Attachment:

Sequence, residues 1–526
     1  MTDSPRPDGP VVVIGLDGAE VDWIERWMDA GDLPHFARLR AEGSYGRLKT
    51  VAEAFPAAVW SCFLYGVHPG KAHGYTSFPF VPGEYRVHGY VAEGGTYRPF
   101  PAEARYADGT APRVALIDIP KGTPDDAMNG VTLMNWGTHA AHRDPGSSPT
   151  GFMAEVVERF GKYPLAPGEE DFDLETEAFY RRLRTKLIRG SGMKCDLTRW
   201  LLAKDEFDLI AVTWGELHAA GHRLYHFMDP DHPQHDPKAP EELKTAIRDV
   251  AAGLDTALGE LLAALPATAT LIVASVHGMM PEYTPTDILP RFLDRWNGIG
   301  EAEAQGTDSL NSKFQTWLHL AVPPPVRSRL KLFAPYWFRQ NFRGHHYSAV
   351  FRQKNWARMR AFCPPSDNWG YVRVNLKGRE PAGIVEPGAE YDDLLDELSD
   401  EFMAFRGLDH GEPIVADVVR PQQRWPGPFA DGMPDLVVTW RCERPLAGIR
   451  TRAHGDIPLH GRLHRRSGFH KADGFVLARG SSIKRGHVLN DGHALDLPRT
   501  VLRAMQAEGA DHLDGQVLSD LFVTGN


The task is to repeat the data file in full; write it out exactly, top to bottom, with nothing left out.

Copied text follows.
Sequence, residues 1–526
     1  MTDSPRPDGP VVVIGLDGAE VDWIERWMDA GDLPHFARLR AEGSYGRLKT
    51  VAEAFPAAVW SCFLYGVHPG KAHGYTSFPF VPGEYRVHGY VAEGGTYRPF
   101  PAEARYADGT APRVALIDIP KGTPDDAMNG VTLMNWGTHA AHRDPGSSPT
   151  GFMAEVVERF GKYPLAPGEE DFDLETEAFY RRLRTKLIRG SGMKCDLTRW
   201  LLAKDEFDLI AVTWGELHAA GHRLYHFMDP DHPQHDPKAP EELKTAIRDV
   251  AAGLDTALGE LLAALPATAT LIVASVHGMM PEYTPTDILP RFLDRWNGIG
   301  EAEAQGTDSL NSKFQTWLHL AVPPPVRSRL KLFAPYWFRQ NFRGHHYSAV
   351  FRQKNWARMR AFCPPSDNWG YVRVNLKGRE PAGIVEPGAE YDDLLDELSD
   401  EFMAFRGLDH GEPIVADVVR PQQRWPGPFA DGMPDLVVTW RCERPLAGIR
   451  TRAHGDIPLH GRLHRRSGFH KADGFVLARG SSIKRGHVLN DGHALDLPRT
   501  VLRAMQAEGA DHLDGQVLSD LFVTGN